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Light Night


Rusty Broadspear

Another tale from the Spearlight Zone, the same year that Percy know it all Pidgeon paid me a visit. Only this was December 19th, to be exact, and to be even more precise this tale begins at 10pm.

This was the first anniversary of losing my older brother, (Robert, he was 8 years of age), so I suppose even my young nerves and neurons were a little haphazard, firing signals to wrong locations and such like. Before Robert departed this spinning orb we had rehearsed for the school nativity play. The play went ahead on the 20th and 21st. I was a shepherd, Robert's role wasn't covered, so a lady teacher, (Miss Cambers), stood behind a door and read his lines, punctuated by numerous sniffs and stifled sobs. Mum and Dad were in the audience putting on brave faces for my sake. I was putting on a brave face for their sake.

The day after the Nativity Play our front door was opened to take Robert to the waiting hearse; I remember the plumes of white exhaust dispersing into a cold and cheerless day. He was buried in his Boy Scout's uniform along with his Christmas presents. As the decades have passed, I have missed him more and more.

Maybe this was playing on my mind, maybe not, I was still so young. No doubt the forthcoming Christmas and the promise of a two wheeler bike was at the forefront of my thoughts.

Whatever the case, it was 10pm, the bedroom was very dark. Heavy curtains blocked the window, never again would I sleep with curtainless window, I wouldn't even twitch them for a sneaky peak.

I'm snug and warm, there's a wire guard on top of the chimney, and old know
it all can freeze to death. Heck, when I came to bed the snow was falling in heavy big chunky flakes and it didn't look like stopping. I called that sort of snow warm snow; I didn't need gloves to make snowballs. Great day ahead tomorrow, that's for sure.

10pm, lying on my back, accepting the comforting tug of the sand man, knowing that my door was slightly ajar to let in light from the landing. Feeling smug and self-satisfied I decided to give in to these regular tugs and turn on my left side.

And that's when it happened and it was only the start.

As one turns over in bed, when one's mind is on the line between sleep and wakefulness, one tends to open one's eyes a tad, probably as a last check that all is OK with the world that one is leaving.

That's what I did... and in that nanosecond, I saw a hand dart through the gap in the door and turn on my bedroom light and then dart out again. It took a moment for this to register, my mind needed time to step back from the line.

I was expecting Mum or Dad to walk into my room but they didn't. It was then I realised with growing certainty that something was not quite right. In haste I fell out of bed, ran downstairs to where Mum and Dad were sitting chatting with friends. One of the visitors, a lady called Doris Slattery, said, "He looks like he's seen a ghost."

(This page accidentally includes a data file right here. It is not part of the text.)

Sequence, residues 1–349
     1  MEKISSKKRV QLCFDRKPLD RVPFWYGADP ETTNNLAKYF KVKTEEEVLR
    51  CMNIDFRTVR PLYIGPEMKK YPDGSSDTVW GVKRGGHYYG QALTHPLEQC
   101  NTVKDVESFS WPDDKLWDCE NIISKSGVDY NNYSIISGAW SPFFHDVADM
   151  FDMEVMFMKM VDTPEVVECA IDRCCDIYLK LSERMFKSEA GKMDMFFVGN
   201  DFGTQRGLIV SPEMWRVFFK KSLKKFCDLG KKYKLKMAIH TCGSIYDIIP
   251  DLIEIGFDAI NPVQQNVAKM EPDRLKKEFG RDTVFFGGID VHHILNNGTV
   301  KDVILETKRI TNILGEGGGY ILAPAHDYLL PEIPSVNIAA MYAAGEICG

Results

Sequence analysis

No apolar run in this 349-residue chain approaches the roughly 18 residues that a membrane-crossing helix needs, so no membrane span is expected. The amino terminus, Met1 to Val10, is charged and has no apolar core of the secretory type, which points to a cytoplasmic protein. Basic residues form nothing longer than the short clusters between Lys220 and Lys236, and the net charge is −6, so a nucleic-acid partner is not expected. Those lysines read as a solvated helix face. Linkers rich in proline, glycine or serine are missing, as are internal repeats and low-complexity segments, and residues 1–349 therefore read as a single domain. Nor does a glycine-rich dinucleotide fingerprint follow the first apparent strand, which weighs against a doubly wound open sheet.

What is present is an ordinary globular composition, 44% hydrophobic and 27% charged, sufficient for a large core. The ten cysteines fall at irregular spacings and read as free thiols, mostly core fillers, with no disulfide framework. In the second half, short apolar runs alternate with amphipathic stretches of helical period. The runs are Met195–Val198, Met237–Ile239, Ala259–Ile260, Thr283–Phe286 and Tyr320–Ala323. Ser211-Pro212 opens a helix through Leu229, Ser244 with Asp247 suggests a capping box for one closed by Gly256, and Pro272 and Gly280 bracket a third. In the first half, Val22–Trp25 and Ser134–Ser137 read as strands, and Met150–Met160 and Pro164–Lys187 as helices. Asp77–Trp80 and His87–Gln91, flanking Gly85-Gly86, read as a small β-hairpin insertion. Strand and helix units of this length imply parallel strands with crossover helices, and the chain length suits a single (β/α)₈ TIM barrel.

Until she said that I was speechless but I realised she was right, so there was only one course of action - run to Mum's lap. She wasn't fat but I always told her I liked placing a cheek on one of her fat arms. After a few huggies, and I was taken back to bed. As we entered the bedroom, the light was off. So Mum said it was quite clear I had imagined or dreamt what had happened, probably due to the excitement of Christmas. I asked if it was still snowing, she said it was. I was calm now, I knew she was right. Mums are always right, everyone knows that.

The door was left ajar again and although I was calm I lay on my left side, one eye trying to find the sleep line, the other beadily focused on the light switch. The former had the line in sight, when low and behold, the latter saw the blur of a hand dart to the light switch and switch the light on. It then darted back in and switched the light off and darted back out again.

There was only one course of action; I screamed. Beneath my screams I barely heard the running footsteps on the stairs. Dad burst in first, light from the landing flooded my room. Blabbering and blubbering, I somehow managed to explain what had happened. Mum came to the other side of the bed and this was one time when huggies didn't help. This was the first time I realised that Mums weren't always right.

Doris Slattery poked her head into the room, I felt like saying, Hey, this is private, this is family ghost business, but I didn't. She said, "Is he alright?" I felt like replying, "Of course I am, we go through this ritual every night!"

Maybe she picked up on my thoughts, as she soon cleared off back downstairs. Mum and Dad spent quite some time trying to comfort me, telling how dreams can have this effect. Saying I could sleep with them tonight. I was on the verge of agreeing, when low and behold...

The bedroom light came on, (with witnesses this time)...

Mum and Dad sat on my bed, mouths open in bewilderment, looking searchingly around the room, (searching for what?). I was scared but not so scared as before. Dad was here and he always knew what to do.

Then the bedroom light went out and Mum's sharp intake of breath sounded like a muffled scream..

Needless to say there was logical explanation which Dad discovered after taking a logical grown up approach. He tested the switch, it worked perfectly. He changed the light bulb, no change. He disappeared then reappeared with step ladders and a torch and climbed into the loft.

As I lay with Mum and Dad in their bed later that night, Dad explained that the snow was working its way under the roof tiles and lying directly on the wiring of the light in my room. This caused a short, turning the light on, immediately the snow evaporated, turning the light out. Then eventually more snow and so on.

So all was explained - apart from the darting hand.

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